Books in Our Bag: Not That Kind of Girl by Lena Dunham

by Marcie Waters, Arts Staff Writer

girlIn the very first episode of HBO’s “Girls”, Lena Dunham’s character expresses her desire to write a memoir, and now real-life Dunham has done it. Not That Kind of Girl chronicles various adventures, incidences, and thoughts in Dunham’s life, from childhood to the present. Dunham divided the book into five sections: Love & Sex, Body, Friendship, Work, and Big Picture. Each features essays, blurbs, emails, and lists relating to its theme. The book is casual with easy language and embellished with small, simple drawings by illustrator, Joana Avillez. These illustrations make the book feel like a diary, and, after reading Dunham’s personal accounts of puberty, mental health issues, and sexual relationships, you will wonder what she actually left to the privacy of her own diary.

Any fan of Dunham’s will likely enjoy Not That Kind of Girl, which gives insight into her relationships with family and friends. It is not difficult to parallel some of her experiences in real life with the experiences she writes for her characters on Girls. One story recounts the time when, after returning home from college jobless, Dunham and two friends get jobs at a luxury children’s clothing store. They spend their time taking extended lunch breaks, giving their boss scalp massages, and trying to squeeze into children’s clothing.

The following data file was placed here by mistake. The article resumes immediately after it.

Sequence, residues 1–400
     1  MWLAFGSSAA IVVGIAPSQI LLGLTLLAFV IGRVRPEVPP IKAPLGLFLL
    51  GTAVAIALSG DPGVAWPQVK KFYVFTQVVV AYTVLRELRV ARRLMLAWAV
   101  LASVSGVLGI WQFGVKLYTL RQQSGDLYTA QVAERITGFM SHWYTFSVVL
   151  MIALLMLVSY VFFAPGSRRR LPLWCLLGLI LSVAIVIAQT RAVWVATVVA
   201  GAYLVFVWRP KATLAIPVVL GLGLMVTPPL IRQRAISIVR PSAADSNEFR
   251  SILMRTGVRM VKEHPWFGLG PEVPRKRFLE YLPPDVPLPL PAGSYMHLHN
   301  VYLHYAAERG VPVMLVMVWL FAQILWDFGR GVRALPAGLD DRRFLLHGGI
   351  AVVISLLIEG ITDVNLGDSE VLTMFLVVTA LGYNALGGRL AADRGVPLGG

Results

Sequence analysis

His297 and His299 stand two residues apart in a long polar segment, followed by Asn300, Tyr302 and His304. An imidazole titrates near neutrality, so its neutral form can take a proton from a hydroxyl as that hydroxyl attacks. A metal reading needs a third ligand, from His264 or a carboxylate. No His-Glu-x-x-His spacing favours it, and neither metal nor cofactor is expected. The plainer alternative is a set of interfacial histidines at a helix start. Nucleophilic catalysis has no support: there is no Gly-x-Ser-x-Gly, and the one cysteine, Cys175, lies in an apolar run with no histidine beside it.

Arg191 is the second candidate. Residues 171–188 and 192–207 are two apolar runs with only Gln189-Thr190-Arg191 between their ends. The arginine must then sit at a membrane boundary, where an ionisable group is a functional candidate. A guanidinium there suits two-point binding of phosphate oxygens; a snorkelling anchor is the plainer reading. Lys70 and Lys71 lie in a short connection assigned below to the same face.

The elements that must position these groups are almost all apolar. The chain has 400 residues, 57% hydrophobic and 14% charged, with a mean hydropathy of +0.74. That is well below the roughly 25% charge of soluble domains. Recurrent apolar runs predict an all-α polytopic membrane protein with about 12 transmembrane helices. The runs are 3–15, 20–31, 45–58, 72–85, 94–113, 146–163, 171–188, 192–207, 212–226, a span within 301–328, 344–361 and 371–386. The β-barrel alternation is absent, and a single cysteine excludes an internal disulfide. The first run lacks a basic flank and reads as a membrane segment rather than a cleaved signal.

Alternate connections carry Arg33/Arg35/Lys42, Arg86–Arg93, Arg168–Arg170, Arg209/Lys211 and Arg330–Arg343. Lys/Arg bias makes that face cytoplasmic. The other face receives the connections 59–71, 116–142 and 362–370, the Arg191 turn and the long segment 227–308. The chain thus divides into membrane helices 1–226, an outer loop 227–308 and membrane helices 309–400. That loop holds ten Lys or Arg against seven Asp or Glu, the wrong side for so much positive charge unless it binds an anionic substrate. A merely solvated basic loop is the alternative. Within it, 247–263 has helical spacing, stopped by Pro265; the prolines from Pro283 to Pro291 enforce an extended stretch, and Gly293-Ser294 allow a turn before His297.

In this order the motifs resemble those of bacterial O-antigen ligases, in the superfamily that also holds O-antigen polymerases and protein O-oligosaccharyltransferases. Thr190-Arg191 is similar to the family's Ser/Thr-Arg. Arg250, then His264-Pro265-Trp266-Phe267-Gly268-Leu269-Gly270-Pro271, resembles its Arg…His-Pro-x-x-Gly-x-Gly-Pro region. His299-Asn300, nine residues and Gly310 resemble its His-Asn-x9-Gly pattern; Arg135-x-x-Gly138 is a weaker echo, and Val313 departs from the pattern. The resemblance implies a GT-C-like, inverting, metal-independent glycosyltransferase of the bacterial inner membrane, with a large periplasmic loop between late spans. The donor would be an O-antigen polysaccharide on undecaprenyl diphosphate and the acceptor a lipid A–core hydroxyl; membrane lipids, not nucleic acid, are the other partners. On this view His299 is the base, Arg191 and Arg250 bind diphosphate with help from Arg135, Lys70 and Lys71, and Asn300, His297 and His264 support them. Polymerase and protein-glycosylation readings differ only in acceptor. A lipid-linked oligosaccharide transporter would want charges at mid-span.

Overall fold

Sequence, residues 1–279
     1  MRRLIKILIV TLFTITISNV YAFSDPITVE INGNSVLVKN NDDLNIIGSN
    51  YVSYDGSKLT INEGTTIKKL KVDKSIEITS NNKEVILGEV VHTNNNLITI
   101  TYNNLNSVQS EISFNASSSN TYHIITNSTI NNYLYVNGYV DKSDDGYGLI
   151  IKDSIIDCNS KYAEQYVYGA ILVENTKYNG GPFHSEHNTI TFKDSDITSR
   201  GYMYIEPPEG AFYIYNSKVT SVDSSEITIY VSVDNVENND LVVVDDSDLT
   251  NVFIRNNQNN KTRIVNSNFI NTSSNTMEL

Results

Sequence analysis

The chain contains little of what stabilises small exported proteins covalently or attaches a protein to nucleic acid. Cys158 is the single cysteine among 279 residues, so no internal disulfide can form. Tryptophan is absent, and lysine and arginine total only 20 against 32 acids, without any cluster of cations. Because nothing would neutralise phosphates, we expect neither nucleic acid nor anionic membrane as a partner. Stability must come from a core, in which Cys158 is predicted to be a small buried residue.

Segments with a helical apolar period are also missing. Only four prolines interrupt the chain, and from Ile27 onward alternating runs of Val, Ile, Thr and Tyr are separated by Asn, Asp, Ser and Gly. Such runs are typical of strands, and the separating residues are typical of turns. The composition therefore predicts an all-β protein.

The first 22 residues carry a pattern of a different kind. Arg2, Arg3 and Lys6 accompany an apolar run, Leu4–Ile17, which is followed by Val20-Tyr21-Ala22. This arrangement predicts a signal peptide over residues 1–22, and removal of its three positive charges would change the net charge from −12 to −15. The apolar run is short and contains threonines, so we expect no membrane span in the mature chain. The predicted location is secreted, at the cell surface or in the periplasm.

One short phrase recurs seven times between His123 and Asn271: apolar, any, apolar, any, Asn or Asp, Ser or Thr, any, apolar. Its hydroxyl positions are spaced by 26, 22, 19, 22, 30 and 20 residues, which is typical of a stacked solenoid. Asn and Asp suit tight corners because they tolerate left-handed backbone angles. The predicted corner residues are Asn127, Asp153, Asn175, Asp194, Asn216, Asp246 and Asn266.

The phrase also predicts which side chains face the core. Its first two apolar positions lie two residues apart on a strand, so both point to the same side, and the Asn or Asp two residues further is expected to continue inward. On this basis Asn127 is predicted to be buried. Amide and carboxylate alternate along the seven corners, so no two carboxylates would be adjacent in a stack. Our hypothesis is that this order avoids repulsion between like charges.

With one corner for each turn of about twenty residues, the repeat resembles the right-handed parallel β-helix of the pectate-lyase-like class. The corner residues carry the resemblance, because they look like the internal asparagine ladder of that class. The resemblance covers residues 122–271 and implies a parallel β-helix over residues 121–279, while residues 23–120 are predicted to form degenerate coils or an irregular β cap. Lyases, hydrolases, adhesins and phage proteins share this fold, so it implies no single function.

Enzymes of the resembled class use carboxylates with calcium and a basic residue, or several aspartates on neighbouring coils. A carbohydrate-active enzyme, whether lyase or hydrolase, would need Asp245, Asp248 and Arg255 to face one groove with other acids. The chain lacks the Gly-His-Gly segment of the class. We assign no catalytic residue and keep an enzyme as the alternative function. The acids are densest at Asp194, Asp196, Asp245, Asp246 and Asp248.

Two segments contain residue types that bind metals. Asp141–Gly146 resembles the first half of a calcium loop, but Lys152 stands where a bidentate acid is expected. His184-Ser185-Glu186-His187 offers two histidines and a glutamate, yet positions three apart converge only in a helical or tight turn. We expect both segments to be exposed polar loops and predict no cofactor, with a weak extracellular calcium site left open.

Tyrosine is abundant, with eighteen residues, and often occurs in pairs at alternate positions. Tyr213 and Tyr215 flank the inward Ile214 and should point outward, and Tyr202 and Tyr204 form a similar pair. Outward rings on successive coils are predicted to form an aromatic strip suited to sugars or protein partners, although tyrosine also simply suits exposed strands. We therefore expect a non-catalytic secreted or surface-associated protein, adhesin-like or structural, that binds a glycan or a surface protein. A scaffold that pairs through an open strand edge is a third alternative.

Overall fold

Dunham also tells of a few hilarious-because-it’s-not-me attempts at romantic relationships. One is Ben, who ruins their relationship by jumping naked into Dunham’s bed, screaming “I WANNA KNOW WHERE DA GOLD AT!”, and Joe, who has a tattoo of “Mom” in Comic Sans. When reading stories like these, readers are left wondering the looks on Ben’s and Joe’s faces if they were ever to read the details that Dunham reveals. Dunham also covers her familial relationships, many of which include her sister, Grace. She remembers how, as a six-year-old, she told her parents she wanted a sibling; then, when they revealed she would get one, little Dunham said she had changed her mind. Despite this, Grace is obviously an important person in Dunham’s life and is even someone she looks up to, although Dunham is older than Grace.

Dunham’s stories also include her parents, who seem to have spent the last twenty-something years humoring Dunham and putting up with her quirky behavior, their friends, her grandmother and her therapists. Not That Kind of Girl is a compelling book, and Dunham makes sure not glamorize her life. The book offers an interesting and entertaining insight into her thoughts and background. It is a memoir that all young people can relate to.





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